• In accordance with some embodiments of the present disclosure, a non-transitory computer readable medium includes computer readable instructions which, when executed, cause a processor to identify a first file on a first device in communication with a first docking station and obtain a second file at a second docking station in communication with the first docking station. The instructions, when executed, further cause the processor to calculate a difference between the first file and the second file and update the first file using the difference.
  • In accordance with some embodiments of the present disclosure, an information handling system includes a processor, a memory communicatively coupled to the processor, a docking station, and a synchronization module. The synchronization module includes computer readable instructions which, when executed, cause the processor to identify a first file on a first device in communication with a first docking station and obtain a second file at a second docking station in communication with the first docking station. The instructions, when executed, further cause the processor to calculate a difference between the first file and the second file and update the first file using the difference.
  • BRIEF DESCRIPTION OF THE DRAWINGS
  • For a more complete understanding of the present invention and its features and advantages, reference is now made to the following description, taken in conjunction with the accompanying drawings, in which:
  • FIG. 1 illustrates a block diagram of selected elements of an embodiment of an information handling system, in accordance with some embodiments of the present disclosure;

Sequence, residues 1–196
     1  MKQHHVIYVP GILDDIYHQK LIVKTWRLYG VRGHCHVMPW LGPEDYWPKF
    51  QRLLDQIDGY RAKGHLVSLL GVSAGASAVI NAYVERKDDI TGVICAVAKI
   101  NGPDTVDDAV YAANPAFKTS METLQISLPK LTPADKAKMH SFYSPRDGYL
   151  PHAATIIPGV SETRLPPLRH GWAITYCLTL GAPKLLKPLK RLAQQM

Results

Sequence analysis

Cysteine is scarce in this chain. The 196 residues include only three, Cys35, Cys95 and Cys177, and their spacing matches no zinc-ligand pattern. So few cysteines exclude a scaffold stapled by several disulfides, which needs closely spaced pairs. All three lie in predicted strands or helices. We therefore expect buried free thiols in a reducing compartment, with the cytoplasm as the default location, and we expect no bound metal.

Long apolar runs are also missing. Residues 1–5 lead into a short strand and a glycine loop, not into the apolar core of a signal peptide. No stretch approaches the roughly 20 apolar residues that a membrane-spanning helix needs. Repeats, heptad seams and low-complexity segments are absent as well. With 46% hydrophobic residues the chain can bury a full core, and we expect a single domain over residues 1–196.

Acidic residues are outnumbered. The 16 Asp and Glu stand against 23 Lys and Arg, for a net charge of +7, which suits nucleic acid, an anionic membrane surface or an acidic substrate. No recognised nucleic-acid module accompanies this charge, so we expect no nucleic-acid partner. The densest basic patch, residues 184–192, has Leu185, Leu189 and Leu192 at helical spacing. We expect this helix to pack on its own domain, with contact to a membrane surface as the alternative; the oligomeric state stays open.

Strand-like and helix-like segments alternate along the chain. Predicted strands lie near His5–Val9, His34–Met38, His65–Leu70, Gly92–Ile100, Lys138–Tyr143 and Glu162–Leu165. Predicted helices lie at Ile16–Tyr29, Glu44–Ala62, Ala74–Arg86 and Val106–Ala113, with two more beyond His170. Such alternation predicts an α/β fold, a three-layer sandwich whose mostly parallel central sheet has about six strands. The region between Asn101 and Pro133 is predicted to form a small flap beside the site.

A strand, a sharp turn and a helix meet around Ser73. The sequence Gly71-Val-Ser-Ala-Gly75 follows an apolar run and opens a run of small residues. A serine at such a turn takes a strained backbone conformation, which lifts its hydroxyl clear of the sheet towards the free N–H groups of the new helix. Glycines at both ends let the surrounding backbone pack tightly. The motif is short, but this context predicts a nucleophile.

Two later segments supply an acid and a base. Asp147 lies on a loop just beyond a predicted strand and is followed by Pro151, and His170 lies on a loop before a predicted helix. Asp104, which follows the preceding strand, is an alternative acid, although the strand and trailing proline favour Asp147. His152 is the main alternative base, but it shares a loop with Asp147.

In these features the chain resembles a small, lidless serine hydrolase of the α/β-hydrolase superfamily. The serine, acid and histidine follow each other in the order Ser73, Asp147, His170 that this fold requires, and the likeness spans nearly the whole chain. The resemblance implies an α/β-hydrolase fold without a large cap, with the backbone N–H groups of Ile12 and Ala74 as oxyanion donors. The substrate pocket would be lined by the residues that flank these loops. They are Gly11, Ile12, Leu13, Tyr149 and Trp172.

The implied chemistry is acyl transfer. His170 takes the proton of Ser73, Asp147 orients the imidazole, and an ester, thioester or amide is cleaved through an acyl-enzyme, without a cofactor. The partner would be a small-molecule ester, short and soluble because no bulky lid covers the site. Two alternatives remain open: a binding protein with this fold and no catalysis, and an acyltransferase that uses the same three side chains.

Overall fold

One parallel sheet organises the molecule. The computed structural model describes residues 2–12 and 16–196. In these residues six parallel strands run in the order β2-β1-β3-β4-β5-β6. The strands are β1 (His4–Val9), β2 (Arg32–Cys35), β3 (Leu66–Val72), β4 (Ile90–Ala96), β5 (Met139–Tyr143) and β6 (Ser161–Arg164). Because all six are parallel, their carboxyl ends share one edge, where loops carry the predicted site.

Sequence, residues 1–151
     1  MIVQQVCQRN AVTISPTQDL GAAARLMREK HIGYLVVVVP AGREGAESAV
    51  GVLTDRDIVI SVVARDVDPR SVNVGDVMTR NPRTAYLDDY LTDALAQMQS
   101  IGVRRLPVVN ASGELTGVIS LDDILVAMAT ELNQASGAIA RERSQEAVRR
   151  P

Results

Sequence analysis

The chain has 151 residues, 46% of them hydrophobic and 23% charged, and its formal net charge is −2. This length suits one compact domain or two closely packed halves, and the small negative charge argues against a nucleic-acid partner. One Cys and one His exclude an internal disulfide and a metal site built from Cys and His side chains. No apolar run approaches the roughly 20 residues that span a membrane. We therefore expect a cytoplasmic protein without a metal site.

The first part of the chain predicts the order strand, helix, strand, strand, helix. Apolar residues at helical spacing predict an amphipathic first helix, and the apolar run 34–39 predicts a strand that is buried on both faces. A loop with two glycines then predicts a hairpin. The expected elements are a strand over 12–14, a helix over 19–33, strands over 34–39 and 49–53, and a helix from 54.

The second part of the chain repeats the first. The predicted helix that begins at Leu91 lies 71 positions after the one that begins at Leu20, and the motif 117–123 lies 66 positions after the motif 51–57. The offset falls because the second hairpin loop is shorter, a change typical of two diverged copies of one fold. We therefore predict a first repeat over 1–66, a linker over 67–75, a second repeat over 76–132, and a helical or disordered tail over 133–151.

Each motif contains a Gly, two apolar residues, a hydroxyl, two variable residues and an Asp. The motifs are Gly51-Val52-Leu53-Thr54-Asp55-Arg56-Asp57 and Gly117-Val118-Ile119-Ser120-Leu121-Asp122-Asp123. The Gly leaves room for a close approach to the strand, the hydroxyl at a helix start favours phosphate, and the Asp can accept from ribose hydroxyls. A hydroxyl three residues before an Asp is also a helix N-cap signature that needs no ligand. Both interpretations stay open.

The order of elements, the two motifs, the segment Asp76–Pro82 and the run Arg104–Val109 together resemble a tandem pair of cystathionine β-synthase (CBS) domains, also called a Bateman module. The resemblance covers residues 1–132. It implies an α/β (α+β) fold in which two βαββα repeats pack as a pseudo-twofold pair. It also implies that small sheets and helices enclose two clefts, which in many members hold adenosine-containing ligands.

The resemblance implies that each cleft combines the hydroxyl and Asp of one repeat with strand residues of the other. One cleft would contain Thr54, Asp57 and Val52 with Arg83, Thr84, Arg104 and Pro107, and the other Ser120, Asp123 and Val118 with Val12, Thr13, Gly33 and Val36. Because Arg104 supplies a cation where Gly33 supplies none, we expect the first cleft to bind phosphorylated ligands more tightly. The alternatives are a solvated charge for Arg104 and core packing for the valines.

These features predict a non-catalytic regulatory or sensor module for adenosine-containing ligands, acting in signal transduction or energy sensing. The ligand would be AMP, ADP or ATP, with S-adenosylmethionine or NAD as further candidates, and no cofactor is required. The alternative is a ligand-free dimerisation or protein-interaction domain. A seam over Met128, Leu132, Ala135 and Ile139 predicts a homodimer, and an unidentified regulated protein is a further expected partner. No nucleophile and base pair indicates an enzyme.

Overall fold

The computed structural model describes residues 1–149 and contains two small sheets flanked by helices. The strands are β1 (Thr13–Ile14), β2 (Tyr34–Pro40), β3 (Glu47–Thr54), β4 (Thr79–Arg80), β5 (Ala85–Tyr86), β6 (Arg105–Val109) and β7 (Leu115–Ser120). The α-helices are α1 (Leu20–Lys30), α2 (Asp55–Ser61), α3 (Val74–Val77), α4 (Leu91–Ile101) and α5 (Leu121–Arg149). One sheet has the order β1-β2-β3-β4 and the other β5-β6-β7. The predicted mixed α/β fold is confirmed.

• FIG. 2 illustrates an example network environment in which an information handling system may operate with other local or remote devices, in accordance with some embodiments of the present disclosure;
  • FIG. 3 illustrates a block diagram of selected elements of an embodiment of a docking station, in accordance with some embodiments of the present disclosure; and
  • FIG. 4 illustrates an example method for synchronizing data between two geographically disparate locations, in accordance with some embodiments of the present disclosure.
  • DETAILED DESCRIPTION
  • In the following description, details are set forth by way of example to facilitate discussion of the disclosed subject matter. It should be apparent to a person of ordinary skill in the field, however, that the disclosed embodiments are exemplary and not exhaustive of all possible embodiments.
  • For purposes of this disclosure, an information handling system may include any instrumentality or aggregate of instrumentalities operable to compute, calculate, determine, classify, process, transmit, receive, retrieve, originate, switch, store, display, communicate, manifest, detect, record, reproduce, handle, or utilize any form of information, intelligence, or data for business, scientific, control, entertainment, or other purposes. For example, an information handling system may be a personal computer (e.g., desktop or laptop), tablet computer, mobile device (e.g., personal digital assistant (PDA) or smart phone), server (e.g., blade server or rack server), a consumer electronic device, a network storage device, or another suitable device and may vary in size, shape, performance, functionality, and price. The information handling system may include random access memory (RAM), one or more processing resources such as a central processing unit (CPU) or hardware or software control logic, read only memory (ROM), and/or other types of nonvolatile memory. Additional components of the information handling system may include one or more disk drives, one or more storage devices, one or more communications ports (e.g., network ports) for communicating with external devices as well as various input and output (I/O) devices, such as a keyboard, a mouse, a touchscreen and/or a video display. The information handling system may also include one or more buses operable to transmit communication between the various hardware components.